What do marathon running and 3-D virtual-reality technology have in common? Up until now, not much. But Philippe Fuchs, a professor and virtual-reality researcher, is teaming up with Dassault Systèmes to converge the two worlds as he runs from Paris to Beijing as part of a project to create a bio-realistic 3-D model of a human foot.
Fuchs, who kicked off his grueling journey on March 7, plans to run between 60 and 85 km a day, the end game being a 10,000 km (6,000 mile), five-month trek from Paris to Beijing with arrival slated just in time for the Summer 2008 Olympics this August. The 57-year-old Fuchs, a professor at the Ecole des Mine de Paris, is no stranger to such ultra marathons: Among his accomplishments is a Paris-Athens run during the last Summer Olympic Games, which accounted for 1,500 miles in only six weeks.
The Virtual Plus Reality Challenge project took root with both parties wanting to leverage the power of virtual technology to create a scientifically valid 3-D simulation of the human foot, which could be leveraged to improve sports medicine along with prosthetic design and to advance athletic training. While scientists have already modeled the human foot in 3D, the biometric data collected during Fuchs’ Paris-to-Beijing run will be used to verify the virtual foot does indeed behave like a real one in all its complexity. The data collected along the run is fed to the Marseille Motion Science Institute, the third partner in the project, which is working with Dassault to verify the 3-D foot model.
“Today the biggest challenge in biorealistic modeling is the comparison between the real world and the virtual world to ensure the virtual world is acting like the real world,” says Mehdi Tayoubi, director of interactive media for Dassault. “We know how to do it with objects like planes and to do crash tests with products like SIMULIA, but for the human body, it’s more difficult.”
So difficult, Tayoubi expects the virtual model to take close to three years to complete and verify. Today, he says, scientists could easily leverage simulation tools like Dassault’s SIMULIA to evaluate how a running shoe performs in terms of strength and durability. However, simulating how the shoe impacts the human body while running has been much more elusive.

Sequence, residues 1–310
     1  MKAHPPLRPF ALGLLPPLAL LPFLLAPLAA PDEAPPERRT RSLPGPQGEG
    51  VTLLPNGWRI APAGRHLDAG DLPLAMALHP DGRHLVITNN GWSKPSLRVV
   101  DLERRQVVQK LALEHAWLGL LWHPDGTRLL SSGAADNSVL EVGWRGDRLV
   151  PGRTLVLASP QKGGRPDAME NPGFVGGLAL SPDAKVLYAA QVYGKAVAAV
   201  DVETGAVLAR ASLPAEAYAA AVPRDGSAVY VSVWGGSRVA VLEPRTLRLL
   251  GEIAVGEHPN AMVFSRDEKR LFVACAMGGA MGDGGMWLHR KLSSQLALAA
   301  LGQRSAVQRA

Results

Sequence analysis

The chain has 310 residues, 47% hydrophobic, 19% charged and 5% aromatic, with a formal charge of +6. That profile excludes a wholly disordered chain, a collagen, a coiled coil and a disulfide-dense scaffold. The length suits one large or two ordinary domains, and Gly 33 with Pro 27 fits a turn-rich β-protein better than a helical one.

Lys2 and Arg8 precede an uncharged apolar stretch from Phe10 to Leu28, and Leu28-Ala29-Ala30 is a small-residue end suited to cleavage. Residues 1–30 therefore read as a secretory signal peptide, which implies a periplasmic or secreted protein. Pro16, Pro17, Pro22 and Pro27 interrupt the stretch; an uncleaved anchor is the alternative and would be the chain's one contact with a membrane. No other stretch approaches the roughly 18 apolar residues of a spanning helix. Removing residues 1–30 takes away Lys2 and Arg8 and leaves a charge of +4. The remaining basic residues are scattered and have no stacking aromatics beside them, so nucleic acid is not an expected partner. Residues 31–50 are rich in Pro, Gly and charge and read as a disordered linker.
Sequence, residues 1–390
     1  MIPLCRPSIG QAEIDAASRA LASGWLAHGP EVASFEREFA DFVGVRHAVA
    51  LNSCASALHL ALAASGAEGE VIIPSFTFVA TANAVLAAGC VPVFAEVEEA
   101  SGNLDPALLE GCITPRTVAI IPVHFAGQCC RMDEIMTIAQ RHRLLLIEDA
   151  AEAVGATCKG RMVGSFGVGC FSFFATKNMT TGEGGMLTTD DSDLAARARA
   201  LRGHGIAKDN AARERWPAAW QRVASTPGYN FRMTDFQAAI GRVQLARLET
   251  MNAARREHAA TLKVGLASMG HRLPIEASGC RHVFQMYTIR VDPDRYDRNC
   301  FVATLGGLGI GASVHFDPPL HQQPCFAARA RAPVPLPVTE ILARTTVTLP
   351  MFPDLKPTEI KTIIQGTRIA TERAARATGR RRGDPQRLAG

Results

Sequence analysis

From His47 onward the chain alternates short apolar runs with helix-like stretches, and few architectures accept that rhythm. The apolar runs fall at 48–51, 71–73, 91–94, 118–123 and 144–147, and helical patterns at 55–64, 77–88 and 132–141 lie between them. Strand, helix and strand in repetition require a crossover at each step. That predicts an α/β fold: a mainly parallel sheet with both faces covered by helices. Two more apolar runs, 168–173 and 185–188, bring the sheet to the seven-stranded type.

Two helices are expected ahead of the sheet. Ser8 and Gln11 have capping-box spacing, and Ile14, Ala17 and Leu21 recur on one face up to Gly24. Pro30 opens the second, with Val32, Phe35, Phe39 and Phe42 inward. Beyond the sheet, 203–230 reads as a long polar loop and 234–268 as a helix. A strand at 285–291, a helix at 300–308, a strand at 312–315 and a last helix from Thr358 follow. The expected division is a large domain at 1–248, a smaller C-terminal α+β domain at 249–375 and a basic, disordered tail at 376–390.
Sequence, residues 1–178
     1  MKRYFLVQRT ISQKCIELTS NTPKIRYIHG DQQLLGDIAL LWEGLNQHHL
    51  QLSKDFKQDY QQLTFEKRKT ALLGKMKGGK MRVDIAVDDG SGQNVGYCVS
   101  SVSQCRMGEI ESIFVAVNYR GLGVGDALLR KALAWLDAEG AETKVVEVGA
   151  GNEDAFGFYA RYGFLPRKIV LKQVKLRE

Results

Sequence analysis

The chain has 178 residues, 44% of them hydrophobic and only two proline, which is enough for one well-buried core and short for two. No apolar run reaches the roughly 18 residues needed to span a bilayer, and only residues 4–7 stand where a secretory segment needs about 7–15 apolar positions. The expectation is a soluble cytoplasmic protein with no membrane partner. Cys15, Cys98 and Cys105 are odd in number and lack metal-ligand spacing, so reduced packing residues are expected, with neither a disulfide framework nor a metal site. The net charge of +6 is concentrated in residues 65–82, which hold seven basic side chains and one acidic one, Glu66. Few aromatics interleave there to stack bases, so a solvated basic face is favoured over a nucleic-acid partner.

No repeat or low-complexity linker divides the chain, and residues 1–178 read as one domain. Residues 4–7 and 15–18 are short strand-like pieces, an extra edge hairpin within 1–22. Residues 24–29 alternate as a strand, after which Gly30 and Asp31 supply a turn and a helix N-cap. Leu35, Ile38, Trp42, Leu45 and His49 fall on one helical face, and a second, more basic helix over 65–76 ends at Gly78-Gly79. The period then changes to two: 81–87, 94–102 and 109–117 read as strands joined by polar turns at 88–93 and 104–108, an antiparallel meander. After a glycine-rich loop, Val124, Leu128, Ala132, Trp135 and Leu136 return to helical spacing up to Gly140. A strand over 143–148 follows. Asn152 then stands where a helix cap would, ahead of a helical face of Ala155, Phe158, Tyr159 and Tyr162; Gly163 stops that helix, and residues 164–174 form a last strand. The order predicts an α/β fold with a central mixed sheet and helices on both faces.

“We’re doing the challenge only on the human foot because it has more than one third of the bones in all of the body, along with muscles and ligaments — all of the things that make it difficult to simulate, unlike a simple object,” he says.
To collect the data required for the simulation process, Fuchs puts on sensors, running sole inserts and other equipment once a week to collect such data points as speed, placement, cadence, length of stride and pressure. In addition, he wears a GPS-enabled watch, which is wirelessly connected to the sensors to record and display that information along with typical running data like his heart frequency and speed. All of this data is regularly uploaded to a PC and then transmitted to the Marseille Motion Science Institute in France via FTP using a satellite connection.
To generate some buzz for the project and support for Fuchs’ run, Dassault has created a mini-website that allows the public to watch Fuchs’ progress, including getting his real-time position via a geolocation interface. Dassault is also sponsoring a virtual charity race with Sports Without Borders via a Facebook application, which allows virtual runners to create 3-D avatars and join the marathon.